South Coast Today Logo

March 28, 2010

Vet draws attention to breed-specific conditions

By Brian J. Lowney – Contributing Writer

<strong>Cocker Spaniel Image</strong>


Owners of purebred cats and dogs often find themselves paying large veterinary bills to treat genetically linked medical conditions after already spending a lot to buy the pet.

Sadly, these pets are often euthanized or brought to a shelter because owners can't afford the cost of long-term veterinary care.

That's why it's important for potential owners to conduct thorough research before making a purchase, and talk to knowledgeable breeders about the conditions that are linked to a specific canine or feline breed.

According to Dr. Tom Burns of Veterinary Associates of Cape Cod in South Yarmouth, particular breeds are at higher risk to develop hip dysplasia, heart conditions or even cancer.

"We have adopted a breed – specific wellness program to screen our patients with better sensitivity for prone conditions," Burns says. "For example, we closely monitor boxers for cardiac problems, cocker spaniels for glaucoma, Bengal cats for gastrointestinal disorders, and Abyissian cats for kidney disease. We want to detect these conditions early and be proactive in the treatment process."

Certain breed groups can often be more complicated than others.

Brachycephalic dogs, such as bulldogs and pugs, can have complex problems that often include breathing issues.

"At a recent conference I attended, the president of a pet insurance company referred to the bulldog in particular as the Ferrari of dog breeds," Burns says. "Mountain breeds can also be problematic, and no doubt some sporting breeds have their issues. That said, all of these breeds encompass some wonderful pets."

Surprisingly, the old adage that mongrels are healthier is likely true, Burns says.

"The mix of different DNA seems to produce a more reliable outcome. When clients ask me for the 'healthiest' breed, I often point them in the direction of a shelter dog or cat."

Burns says it's import for breeders to outcross – the use of healthy dogs or cats from other lines in breeding programs – to help eliminate genetically linked medical conditions from developing in subsequent generations of offspring.

"Narrowly bred breeds, like German shepherds and golden retrievers, traditionally had more problems because there was little genetic diversity within the lines," he says. "Some breeders have recognized the limits in their lines and have incorporated new breeding stock."

For these reasons, research is key before buying a pet. Most breeds have a national club and provide educational material written by experts.

The American Kennel Club (www.akc.org) offers puppy buyer information, breeder referral, health information and contacts for breed rescue.

The Cat Fanciers of America (www.cfa.org) offer information about feline breeds and genetics, as well as breeder referral listings.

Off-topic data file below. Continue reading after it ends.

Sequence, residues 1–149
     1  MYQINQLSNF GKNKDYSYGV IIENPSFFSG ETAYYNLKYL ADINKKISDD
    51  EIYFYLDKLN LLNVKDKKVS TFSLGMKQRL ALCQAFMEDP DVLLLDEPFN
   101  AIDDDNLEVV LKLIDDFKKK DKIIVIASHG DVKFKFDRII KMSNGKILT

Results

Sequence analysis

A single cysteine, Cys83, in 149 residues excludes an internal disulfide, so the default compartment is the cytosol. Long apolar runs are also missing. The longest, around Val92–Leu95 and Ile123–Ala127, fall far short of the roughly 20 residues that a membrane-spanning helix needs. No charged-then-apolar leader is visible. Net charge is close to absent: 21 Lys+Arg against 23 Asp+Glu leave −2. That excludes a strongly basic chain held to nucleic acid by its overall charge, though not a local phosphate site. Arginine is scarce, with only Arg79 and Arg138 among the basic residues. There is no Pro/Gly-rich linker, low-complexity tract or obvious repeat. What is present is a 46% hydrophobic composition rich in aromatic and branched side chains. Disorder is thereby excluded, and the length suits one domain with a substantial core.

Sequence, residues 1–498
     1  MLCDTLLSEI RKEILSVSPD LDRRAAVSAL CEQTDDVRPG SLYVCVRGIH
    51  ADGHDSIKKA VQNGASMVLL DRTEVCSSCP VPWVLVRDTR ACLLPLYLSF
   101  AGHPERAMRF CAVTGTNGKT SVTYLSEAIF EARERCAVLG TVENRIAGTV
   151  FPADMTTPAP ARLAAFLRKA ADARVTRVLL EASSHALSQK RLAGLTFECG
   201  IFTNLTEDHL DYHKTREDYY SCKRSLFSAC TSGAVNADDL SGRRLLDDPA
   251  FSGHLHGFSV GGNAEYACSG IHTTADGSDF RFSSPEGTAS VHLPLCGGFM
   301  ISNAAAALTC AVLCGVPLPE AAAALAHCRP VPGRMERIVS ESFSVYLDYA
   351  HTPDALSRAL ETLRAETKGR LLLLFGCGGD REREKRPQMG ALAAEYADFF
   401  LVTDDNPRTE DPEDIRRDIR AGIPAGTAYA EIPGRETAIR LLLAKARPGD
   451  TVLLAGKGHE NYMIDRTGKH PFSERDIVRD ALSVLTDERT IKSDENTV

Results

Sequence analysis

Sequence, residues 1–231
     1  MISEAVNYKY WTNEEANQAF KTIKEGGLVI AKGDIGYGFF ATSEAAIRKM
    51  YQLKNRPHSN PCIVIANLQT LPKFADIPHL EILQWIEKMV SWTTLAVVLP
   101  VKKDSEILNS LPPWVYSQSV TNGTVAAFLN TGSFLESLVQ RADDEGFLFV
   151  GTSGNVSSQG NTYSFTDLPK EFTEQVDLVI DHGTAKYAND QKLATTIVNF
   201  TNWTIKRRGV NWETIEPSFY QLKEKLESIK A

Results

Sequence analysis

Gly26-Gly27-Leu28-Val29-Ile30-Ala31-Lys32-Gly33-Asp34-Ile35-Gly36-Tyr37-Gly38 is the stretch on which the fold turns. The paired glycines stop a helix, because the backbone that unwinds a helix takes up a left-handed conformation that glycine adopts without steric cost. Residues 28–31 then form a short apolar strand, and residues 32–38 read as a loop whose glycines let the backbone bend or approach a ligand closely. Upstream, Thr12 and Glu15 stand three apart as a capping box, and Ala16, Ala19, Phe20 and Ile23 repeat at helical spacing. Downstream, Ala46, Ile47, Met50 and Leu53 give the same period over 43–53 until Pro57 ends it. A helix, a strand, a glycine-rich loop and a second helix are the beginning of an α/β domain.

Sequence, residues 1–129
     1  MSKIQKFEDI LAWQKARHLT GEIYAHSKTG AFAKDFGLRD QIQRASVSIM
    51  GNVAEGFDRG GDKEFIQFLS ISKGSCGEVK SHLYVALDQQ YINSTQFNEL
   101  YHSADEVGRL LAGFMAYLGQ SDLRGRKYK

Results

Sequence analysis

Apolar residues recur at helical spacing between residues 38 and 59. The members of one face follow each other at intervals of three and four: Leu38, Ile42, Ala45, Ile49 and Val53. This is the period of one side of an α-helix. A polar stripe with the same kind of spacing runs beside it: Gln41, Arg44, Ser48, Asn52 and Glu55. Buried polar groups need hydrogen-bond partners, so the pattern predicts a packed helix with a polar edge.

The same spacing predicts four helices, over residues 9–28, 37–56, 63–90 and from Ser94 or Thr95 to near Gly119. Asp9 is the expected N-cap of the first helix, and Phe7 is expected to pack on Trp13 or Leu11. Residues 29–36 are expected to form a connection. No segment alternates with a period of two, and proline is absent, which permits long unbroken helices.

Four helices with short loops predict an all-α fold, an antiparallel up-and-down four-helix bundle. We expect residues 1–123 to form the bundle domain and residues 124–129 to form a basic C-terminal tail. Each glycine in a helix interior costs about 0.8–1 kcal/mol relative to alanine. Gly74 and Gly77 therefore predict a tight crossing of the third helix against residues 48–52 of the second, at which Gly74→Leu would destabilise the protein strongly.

"For genetically prone breed conditions, oftentimes the parents can be certified clear of concerning conditions," Burns reports. "For instance, golden retrievers can have certified hips and elbows, assuring that they themselves do not have the condition and are less likely to pass it along to their offspring. This same concept applies to Doberman pinschers and heart disease, and in collie puppies for ocular problems."

Burns advises purchasing puppies and kittens from breeders who focus on health and to avoid buying stock from commercial breeders.

For owners who seek a breed that usually enjoys longevity and will provide many years of companionship, he suggests purchasing a small canine, such as a hardy terrier like the Norwich or Cairn.

"Larger breed dogs tend to have shorter lifespan," Burns explains. "Great Danes are predisposed to heart problems, as well as an urgent medical condition called Gastric Dilatation and Volvulus (GDV). For reasons we still do no entirely understand, the stomach becomes bloated. If left untreated for only a few hours, it then twists, often resulting in a fatal outcome."

The veterinarian reports that more than 33 percent of all Great Danes will be affected by this condition and suggests employing preventive laparoscopic surgery when a dog is young to avoid the development of the medical problem.

He adds that veterinarians receive comprehensive training on breed-specific illnesses from the start of their schooling.

"It is an established part of the curriculum and continues through continuing education once in practice," he notes.

Burns offers a simple prescription to ensure that most cats or dogs, either purebred or mixed breed, will enjoy a long, healthy life.

"Good nutrition, great veterinary care and lots of love and care."


Swansea resident Brian J. Lowney has been writing about pets for more than a decade. He is a past president of the Wampanoag Kennel Club, an active dog show judge and shares his home with two shelter-adopted cats. All of Brian's columns are available online in our new pet section. Visit http://pets.SouthCoastToday.com